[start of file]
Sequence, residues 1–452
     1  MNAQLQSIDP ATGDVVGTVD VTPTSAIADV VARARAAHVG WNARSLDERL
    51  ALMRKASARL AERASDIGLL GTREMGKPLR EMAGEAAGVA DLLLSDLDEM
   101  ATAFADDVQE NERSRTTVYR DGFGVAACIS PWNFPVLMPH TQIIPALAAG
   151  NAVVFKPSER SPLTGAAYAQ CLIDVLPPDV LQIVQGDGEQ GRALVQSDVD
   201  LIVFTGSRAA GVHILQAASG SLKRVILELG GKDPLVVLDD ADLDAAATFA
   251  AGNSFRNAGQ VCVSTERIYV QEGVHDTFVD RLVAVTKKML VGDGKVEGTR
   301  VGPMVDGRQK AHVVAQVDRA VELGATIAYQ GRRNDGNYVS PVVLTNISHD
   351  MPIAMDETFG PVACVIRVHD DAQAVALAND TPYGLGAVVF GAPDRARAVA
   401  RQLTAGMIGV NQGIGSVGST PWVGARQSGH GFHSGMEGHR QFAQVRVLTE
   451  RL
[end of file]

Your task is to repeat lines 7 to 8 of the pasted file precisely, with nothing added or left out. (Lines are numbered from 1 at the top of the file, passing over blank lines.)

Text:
   251  AGNSFRNAGQ VCVSTERIYV QEGVHDTFVD RLVAVTKKML VGDGKVEGTR
   301  VGPMVDGRQK AHVVAQVDRA VELGATIAYQ GRRNDGNYVS PVVLTNISHD